At daybreak on Friday, February 21, 1862, Sibley sent Maj. Charles L. Pyron with 180 men to reconnoiter a road to Valverde. He was followed by Maj. Henry R. Raguet with five companies. They rode north along the eastern extremities of Black Mesa before turning west along the north edge of the escarpment, following it to the river. There they reached a small cottonwood grove near the ford when Pyron discovered a force of Federal cavalry in his front. A fierce firefight erupted as the Texans took cover in the sandy bottom. In response, Canby hurried Col. Benjamin S. Roberts with regular and volunteer cavalry to the scene. Hearing the same gunfire, Major Raguet, joined by Col. William R. Scurry and the remainder of the Rebel Fourth Regiment, also raced for the river.
By ten o’clock, Capt. Trevanion T. Teel’s artillery had also reached Valverde. The Texans advanced toward the river several times, only to be driven off by a heavy Union artillery bombardment. About this time, Union forces moved to envelop the Rebel right by crossing the Rio Grande upriver from Valverde. This move forced Scurry to divide his command and lengthen the Confederate line. On the Union’s left flank, Capt. Alexander McRae started to pound the Rebel position on the east bank with his artillery.
The Rebels retreated from the bosque and the river’s east bank by eleven o’clock, taking refuge behind a low ridge of sandhills that paralleled the river’s east bank. By midday, the tide of battle was swinging in favor of the Union Army.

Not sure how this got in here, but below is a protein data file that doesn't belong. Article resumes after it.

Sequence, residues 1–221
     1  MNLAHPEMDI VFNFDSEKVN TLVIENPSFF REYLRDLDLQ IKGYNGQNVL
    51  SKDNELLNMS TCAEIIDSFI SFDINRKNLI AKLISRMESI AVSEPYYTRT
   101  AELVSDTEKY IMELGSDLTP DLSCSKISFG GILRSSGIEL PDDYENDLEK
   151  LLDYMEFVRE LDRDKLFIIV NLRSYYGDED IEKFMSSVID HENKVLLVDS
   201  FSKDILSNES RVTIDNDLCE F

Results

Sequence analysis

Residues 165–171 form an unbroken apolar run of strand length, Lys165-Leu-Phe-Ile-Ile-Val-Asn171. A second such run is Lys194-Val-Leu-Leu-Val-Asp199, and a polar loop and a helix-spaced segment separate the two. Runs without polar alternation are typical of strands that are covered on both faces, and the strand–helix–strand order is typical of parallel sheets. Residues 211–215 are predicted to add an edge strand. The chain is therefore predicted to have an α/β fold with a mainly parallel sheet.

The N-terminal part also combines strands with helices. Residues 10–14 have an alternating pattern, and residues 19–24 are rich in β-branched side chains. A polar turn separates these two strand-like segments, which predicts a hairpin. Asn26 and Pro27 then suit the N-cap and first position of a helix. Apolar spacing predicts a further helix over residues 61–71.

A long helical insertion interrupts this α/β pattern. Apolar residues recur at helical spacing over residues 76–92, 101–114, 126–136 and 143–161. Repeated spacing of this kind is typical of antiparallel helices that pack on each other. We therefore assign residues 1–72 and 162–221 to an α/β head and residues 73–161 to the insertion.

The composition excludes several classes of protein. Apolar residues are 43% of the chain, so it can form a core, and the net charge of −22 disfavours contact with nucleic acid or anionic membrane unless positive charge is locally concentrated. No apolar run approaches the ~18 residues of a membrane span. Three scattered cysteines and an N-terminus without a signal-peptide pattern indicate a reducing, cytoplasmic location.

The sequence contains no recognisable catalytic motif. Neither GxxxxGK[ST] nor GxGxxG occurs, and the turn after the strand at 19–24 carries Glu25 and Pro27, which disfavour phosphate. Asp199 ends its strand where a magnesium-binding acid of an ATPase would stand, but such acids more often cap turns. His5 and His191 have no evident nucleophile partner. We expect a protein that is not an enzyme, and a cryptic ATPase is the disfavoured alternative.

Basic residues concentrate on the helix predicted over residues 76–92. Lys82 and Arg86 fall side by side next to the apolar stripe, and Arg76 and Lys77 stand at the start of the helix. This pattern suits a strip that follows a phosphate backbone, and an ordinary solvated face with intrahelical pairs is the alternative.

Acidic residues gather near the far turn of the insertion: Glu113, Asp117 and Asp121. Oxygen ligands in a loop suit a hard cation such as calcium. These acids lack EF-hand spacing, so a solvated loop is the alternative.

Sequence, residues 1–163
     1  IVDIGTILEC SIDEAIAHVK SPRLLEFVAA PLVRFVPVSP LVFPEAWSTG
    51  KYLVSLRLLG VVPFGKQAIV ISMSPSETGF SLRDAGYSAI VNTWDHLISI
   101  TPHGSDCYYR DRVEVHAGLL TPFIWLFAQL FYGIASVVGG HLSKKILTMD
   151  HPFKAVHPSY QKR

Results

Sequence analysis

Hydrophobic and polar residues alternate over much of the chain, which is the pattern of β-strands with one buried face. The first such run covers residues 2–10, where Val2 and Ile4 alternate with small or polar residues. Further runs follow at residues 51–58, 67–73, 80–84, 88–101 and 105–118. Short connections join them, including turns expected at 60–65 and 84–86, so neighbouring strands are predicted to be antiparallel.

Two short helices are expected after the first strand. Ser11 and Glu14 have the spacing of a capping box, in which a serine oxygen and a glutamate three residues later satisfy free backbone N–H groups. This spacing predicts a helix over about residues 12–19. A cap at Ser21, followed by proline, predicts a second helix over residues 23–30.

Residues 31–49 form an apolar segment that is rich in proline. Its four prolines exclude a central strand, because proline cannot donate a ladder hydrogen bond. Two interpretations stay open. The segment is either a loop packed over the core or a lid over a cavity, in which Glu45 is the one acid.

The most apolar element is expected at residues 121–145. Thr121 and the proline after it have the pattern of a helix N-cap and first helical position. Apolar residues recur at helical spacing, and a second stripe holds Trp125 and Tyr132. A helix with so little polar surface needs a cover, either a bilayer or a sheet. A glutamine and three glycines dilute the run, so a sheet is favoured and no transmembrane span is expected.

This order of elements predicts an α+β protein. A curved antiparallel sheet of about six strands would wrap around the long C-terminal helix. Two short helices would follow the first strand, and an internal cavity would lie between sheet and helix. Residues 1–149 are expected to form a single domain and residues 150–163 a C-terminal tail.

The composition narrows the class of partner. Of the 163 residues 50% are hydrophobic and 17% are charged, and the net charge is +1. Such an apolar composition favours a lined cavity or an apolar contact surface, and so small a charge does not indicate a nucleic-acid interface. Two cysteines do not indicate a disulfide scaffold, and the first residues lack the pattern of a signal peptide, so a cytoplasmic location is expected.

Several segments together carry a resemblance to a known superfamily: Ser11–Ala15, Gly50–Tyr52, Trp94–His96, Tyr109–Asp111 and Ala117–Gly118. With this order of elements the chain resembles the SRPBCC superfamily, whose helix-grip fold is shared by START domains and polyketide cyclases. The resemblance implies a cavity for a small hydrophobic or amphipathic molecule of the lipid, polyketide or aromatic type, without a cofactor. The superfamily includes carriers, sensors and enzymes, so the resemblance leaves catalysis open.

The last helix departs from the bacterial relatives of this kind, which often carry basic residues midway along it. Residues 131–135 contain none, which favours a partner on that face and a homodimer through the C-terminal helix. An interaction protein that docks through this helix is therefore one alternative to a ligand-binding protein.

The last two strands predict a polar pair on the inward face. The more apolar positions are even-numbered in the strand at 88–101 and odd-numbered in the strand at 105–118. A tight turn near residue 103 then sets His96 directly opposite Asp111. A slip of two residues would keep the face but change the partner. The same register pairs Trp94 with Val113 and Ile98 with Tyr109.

At one o’clock, as additional units, both Union and Confederate, raced for Valverde, General Sibley had become so ill, exhausted, and drunk that he had retired to an ambulance in the Confederate rear, and the Confederate army was turned over to Col. Thomas Green. On the Confederate’s right flank, Capt. Willis L. Lang, with a company armed only with lances, launched a courageous attack against a company of Colorado Volunteers. The Coloradoans held their fire until the Lancers were within a few yards of the Federal line and then fired a deadly volley into the charging Rebels. In the suicidal attack, the Lancers, Company B of the Fifth Regiment, suffered a more significant loss of life than any other company in the Army of New Mexico. Captain Lang was so severely wounded that he later committed suicide. Lt. Demetrius M. Bass, Lang’s second in command, was wounded several times and died several days later.